The Nashville Presbyterian Church was organized in 1875, and soon built a church on south Jefferson Street near the village green. Following a fire that destroyed the building, the small congregation rebuilt and continued meeting until 1926. Then, Nashville Presbyterians merged with a congregation in Boggstown and ceded their land and building to the growing Methodist Episcopal Church in Nashville. There would be no organized Presbyterian Church in Nashville for almost 75 years.
In 1998, a small Bible study began in the home of Dale and Janice Cassiday. Soon the group outgrew their living room and began meeting for Sunday worship at the Pine Box Theatre on Jefferson Street, just a few blocks south of the site of the old Nashville Presbyterian Church. Local ministers—many of them Presbyterian—led the worship services and provided leadership, and soon the congregation identified with the Presbyterian Church (USA). Rev. Dr. Roger Dean served as the organizing pastor of the new church, named Brown County Presbyterian Fellowship (BCPF).
In 2002, BCPF entered into an agreement with St. Agnes Roman Catholic Church to purchase its building on State Road 135, just north of Nashville. The two churches shared the building while the new parish church constructed south of town. With support from the Presbyterian Church (USA), BCPF was able to settle into its new building by the fall of 2003. The church’s sixty members helped BCPF maintain a very active presence in the community, especially through the arts.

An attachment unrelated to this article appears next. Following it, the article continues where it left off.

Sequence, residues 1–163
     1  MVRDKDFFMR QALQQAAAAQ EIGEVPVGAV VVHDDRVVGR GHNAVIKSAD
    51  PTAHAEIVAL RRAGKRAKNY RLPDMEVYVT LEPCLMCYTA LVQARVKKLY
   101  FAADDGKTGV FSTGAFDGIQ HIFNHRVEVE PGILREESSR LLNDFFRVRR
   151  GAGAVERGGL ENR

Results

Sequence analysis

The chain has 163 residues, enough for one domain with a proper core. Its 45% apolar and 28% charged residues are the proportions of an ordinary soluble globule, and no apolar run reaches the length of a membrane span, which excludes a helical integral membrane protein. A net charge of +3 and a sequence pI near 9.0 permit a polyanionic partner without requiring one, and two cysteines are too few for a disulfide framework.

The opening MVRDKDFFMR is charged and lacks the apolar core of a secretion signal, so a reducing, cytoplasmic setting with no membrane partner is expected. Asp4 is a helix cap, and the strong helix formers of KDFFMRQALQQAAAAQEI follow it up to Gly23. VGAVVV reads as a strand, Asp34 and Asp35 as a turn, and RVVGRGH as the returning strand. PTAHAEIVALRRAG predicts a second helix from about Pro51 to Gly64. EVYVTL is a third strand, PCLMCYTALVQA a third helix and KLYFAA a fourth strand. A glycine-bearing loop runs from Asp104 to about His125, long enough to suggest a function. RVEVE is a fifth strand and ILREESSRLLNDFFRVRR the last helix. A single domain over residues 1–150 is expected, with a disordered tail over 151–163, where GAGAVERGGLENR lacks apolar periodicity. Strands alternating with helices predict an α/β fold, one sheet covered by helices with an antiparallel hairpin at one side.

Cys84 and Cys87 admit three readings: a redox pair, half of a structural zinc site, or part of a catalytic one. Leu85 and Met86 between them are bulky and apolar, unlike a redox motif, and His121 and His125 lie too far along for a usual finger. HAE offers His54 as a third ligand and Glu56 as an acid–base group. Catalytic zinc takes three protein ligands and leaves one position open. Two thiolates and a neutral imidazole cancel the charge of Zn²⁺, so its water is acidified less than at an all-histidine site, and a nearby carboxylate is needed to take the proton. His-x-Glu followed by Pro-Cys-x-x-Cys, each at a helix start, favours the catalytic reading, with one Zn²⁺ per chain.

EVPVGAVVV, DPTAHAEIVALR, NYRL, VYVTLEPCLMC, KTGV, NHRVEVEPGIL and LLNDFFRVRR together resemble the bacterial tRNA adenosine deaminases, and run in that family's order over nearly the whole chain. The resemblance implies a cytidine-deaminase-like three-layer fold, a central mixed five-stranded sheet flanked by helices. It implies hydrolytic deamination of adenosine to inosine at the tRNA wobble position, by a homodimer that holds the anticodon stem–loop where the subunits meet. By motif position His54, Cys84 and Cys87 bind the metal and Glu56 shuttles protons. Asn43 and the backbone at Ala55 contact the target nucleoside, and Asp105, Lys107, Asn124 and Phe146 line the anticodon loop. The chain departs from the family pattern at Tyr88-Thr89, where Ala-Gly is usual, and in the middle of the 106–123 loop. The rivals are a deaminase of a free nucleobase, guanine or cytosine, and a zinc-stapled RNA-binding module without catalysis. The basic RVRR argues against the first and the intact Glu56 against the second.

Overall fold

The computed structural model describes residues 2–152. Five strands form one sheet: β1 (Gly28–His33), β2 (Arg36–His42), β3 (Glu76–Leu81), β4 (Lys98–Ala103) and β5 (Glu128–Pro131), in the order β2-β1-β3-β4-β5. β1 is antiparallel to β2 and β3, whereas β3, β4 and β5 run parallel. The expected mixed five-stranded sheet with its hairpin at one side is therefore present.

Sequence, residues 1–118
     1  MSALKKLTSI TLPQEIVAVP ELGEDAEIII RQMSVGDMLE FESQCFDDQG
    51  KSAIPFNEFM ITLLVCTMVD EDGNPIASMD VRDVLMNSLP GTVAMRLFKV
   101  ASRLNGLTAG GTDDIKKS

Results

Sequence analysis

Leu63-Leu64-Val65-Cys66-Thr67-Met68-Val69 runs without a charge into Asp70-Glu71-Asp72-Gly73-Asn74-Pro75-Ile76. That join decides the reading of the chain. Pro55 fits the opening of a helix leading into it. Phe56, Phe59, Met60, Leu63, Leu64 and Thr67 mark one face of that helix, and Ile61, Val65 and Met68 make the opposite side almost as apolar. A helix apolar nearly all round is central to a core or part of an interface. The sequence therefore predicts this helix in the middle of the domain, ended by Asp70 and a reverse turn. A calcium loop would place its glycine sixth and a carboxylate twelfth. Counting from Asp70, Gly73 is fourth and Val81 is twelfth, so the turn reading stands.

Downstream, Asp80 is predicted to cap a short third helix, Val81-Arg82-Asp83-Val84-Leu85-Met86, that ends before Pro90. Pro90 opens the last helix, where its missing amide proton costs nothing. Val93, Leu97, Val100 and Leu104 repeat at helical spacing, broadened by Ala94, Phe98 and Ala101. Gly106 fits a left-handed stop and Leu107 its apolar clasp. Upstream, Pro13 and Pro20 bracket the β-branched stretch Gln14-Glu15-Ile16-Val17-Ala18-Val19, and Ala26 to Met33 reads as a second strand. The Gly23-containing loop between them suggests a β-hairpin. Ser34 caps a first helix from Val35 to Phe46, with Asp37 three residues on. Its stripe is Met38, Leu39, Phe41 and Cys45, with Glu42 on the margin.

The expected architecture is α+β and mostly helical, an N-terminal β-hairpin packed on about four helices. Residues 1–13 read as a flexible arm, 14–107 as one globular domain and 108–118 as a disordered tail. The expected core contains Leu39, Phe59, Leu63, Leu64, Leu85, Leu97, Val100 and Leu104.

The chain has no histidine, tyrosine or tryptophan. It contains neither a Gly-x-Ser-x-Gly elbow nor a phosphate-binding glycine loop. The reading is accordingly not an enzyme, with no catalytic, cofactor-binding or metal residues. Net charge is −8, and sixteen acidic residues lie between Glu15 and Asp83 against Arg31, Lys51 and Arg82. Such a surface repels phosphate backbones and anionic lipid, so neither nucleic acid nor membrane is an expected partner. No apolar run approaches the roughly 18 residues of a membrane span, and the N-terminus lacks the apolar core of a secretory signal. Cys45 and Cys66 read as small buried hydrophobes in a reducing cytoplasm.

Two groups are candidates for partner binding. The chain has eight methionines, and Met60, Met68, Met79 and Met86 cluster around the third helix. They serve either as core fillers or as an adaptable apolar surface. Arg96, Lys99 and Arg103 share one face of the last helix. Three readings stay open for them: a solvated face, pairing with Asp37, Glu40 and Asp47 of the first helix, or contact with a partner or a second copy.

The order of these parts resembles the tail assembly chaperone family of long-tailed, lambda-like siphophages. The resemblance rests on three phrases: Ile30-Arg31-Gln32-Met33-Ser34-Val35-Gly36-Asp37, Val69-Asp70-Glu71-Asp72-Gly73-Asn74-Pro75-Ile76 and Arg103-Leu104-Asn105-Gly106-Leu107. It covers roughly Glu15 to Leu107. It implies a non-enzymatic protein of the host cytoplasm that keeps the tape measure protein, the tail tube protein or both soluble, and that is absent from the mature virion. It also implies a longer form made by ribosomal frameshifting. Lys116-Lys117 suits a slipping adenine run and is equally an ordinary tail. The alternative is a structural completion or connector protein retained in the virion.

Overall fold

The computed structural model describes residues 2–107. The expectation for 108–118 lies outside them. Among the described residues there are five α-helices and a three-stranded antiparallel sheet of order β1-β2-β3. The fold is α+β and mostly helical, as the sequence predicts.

With strong support from the Presbytery of Ohio Valley, BCPF called Rev. Dr. Scott Seay to be its part-time pastor in 2008 to lead the congregation through a process of discernment about its future. Responding to widespread flooding in the county, compassionate members of BCPF established a free clothing ministry called God’s Grace. Through the faithful generosity of its members, the church completed a capital campaign in 2013 and has retired its mortgage seven years ahead of schedule. Currently, the church leadership is discerning God’s calling to re-deploy those resources into expanded mission work locally, nationally, and internationally